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Realness Lies in the Reality of the Lyrics

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"Hip-hop's claim to fame is the claim of authenticity in its undaunted portrayals of ghetto reality", writes Professor S. Craig Watkins. Here, Watkins assumingly refers to the segregation of the urban community from the mainstream; with ghetto reality being argued as the validation for hip-hop's own marginalisation within its own communities, namely that of its women and normalisation of certain actions and traits.

Does is it really comes down to blaming these outcomes on the idea of the self fulfilling prophecy? Strong stereotypes have always existed when it comes to the relationship between urban music and youth, and they never seem to be getting better. In the wake of the 2011 riots, British urban music started becoming the target of accusation: they were blamed for the promotion of a culture of entitlement. Lethal Bizzle, a UK grime artist infamously declared prime minister David Cameron a "donut" for the way in which he demonised an entire subculture and section of society without having any idea of its background or history.

Hip-hop and grime in the UK, perhaps like most cultures, is defined by the internal contradictions it faces. Arguably, it is these contradictions which keep the culture alive and current; pushing it to further its knowledge and reputation. As with most marginalised subcultures, rap, hip-hop and grime within the UK arena touch on some of the most prominent conflicting ideas, namely: materialism versus the more humble idea of life, the differing paths of what society deems successful versus the "keep it real" mentality, and one of the most prominent (which also arises not only in this culture, but has been around for centuries with regards to the notions of race, class and so forth) is that of the community versus the individual. This feeds greatly into the "us" versus "them" mentality. The marginalisation of a subsection of society due to a collection of factors. The factors? In the UK it heavily includes race, the class system, and in some respects, gender also.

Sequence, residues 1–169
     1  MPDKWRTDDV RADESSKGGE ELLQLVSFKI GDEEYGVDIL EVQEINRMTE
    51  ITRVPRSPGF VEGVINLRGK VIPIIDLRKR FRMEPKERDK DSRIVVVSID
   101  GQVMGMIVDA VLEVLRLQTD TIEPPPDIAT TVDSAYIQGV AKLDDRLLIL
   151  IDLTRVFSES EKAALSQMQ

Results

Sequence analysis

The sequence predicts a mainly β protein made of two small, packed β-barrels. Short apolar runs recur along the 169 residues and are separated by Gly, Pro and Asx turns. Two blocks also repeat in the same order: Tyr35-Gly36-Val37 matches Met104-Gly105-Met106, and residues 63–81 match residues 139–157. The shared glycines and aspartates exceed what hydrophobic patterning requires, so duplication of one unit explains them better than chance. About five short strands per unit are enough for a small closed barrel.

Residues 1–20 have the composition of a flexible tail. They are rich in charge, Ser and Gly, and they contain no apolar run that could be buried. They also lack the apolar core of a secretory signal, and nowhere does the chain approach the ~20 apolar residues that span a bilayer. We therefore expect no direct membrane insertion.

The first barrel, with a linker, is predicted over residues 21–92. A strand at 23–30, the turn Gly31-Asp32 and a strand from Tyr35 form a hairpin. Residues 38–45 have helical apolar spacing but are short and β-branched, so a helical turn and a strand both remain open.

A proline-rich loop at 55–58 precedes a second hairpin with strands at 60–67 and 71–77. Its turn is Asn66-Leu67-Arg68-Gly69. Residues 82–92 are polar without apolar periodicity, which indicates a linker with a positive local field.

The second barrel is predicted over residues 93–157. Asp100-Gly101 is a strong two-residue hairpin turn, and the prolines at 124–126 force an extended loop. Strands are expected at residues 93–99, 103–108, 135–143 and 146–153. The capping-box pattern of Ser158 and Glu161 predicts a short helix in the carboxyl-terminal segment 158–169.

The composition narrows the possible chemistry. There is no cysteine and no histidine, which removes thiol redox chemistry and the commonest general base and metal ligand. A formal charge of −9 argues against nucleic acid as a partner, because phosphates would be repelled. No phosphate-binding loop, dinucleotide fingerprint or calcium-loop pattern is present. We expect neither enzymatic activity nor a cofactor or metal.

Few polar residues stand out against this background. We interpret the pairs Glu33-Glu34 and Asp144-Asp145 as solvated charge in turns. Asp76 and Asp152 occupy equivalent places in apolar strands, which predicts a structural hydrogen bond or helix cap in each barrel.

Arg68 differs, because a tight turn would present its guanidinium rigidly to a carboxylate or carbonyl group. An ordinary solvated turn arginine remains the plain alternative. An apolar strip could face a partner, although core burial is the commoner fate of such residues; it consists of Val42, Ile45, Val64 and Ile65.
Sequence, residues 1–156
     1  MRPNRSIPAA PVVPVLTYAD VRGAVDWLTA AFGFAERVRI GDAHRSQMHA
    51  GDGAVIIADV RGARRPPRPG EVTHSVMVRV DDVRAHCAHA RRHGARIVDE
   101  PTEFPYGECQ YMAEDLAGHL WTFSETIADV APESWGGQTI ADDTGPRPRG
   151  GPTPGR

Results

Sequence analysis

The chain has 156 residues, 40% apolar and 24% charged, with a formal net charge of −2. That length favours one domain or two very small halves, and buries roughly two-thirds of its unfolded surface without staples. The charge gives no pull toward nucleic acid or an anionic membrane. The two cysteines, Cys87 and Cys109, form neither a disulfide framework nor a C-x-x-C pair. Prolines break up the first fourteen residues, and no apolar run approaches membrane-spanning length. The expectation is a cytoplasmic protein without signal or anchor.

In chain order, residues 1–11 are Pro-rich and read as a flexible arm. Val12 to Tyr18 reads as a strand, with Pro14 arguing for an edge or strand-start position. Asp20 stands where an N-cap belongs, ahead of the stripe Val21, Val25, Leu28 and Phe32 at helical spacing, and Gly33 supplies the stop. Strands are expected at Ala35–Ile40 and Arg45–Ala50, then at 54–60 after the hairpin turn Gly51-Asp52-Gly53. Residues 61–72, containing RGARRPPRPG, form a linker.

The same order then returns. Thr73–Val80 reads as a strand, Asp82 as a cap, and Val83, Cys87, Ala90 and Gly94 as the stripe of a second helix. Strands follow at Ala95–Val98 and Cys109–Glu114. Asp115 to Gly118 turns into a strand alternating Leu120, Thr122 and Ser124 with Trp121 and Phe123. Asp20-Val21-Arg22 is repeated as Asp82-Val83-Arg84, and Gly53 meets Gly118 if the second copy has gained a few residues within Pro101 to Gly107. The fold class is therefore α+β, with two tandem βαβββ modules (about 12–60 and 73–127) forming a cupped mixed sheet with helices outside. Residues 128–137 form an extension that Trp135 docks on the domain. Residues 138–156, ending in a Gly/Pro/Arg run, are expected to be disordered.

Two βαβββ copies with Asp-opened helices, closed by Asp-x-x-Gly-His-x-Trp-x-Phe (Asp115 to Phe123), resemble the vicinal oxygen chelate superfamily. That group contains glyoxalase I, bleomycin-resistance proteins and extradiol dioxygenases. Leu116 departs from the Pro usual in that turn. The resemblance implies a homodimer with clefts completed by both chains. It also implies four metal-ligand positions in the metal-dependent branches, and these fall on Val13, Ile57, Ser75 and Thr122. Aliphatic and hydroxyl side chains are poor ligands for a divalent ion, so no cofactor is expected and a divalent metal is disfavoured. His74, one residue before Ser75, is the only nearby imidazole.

The grime genre brings into question whether the media portrayal has tarnished it as a wholly black subculture, or as a distinctive black subculture. It should be noted also that research or information on this genre of music has been somewhat scarce, leading to the misunderstanding and communication not only from the media and politicians, but from the artists themselves.

Having originated in the 2000s and as an off shoot from the UK garage scene, grime started to acquire followers when the likes of Wiley and Dizzee Rascal became more prominent circa 2003: releasing their albums Treddin' on Thin Ice and Boy in da Corner respectively. Many, as previously stated and much the belief of many in the present day, believe that grime music (as with hip-hop) plays a crucial role in the glamourisation of drugs, violence and misogyny. One may want to argue that yes, these assets are discussed heavily within the lyrics of grime music; but whether they are glamorised can be disputed greatly also. These elements it seems are incontrovertible and that yes, grime does have a grounding in these. Yet, who is to say that there are many artists who are not glamourising them but instead rapping against these stereotypes and idea? An example of grime artists who have time and again talked about these topics within their raps are Akala, Mic Righteous and Lowkey. Just as their other grime counterparts, they acknowledge that drugs are rife to some, that women are disrespected and that violence is sometimes only a cuss away. Akala has been recorded stating, in the Channel 4 documentary Life of Rhyme that within the culture of rap battles (whereby one MC battles/free verses against another under time constraints), he chooses not to partake, "whilst I respect the skill involved, I personally don't battle. Simply because MC's can and will resort to everything from blatant racism, to cussing each other's mums... And that's not really my thing".

To mark out the qualities of a skilful rapper, one must look out for verbal mastery, delivery, creativity and personal style. Successful rappers in the grime scene, be they male or female, entice an audience through their stage presence, persona and what their lyrics have to say. Of course, successful rappers' lyrics must reflect the appearance of total self-confidence, and they must commit to what they are saying. The realness lies in the reality of their lyrics.

Predominantly in its infancy, grime was the work of the black working class youth subculture, though having now escalated to all races and ethnicities. As of late, grime has seen a surge in what is not normally thought of as the target market; with many artists infusing the genre with pop or dance beats broadening the audience capacity. Examples lie with more indie films such as the 2006 film Kidulthood and the 2008 film Adulthood, to more mainstream and commercialised portrayals of UK urban youths (mainly in and around London) such as E4's most recent show, Youngers.

Cultures such as grime have had profound effects and influences within British society. Since post emigration of ethnic minorities from the Commonwealth era, Britain has witnessed distinctive ethnic cultures emerging. Rooting from the growing racism and discrimination, happening through a number of avenues. Parent culture somewhat influenced youth subcultures. And the result sounds better than ever: don't dismiss it before you hear it.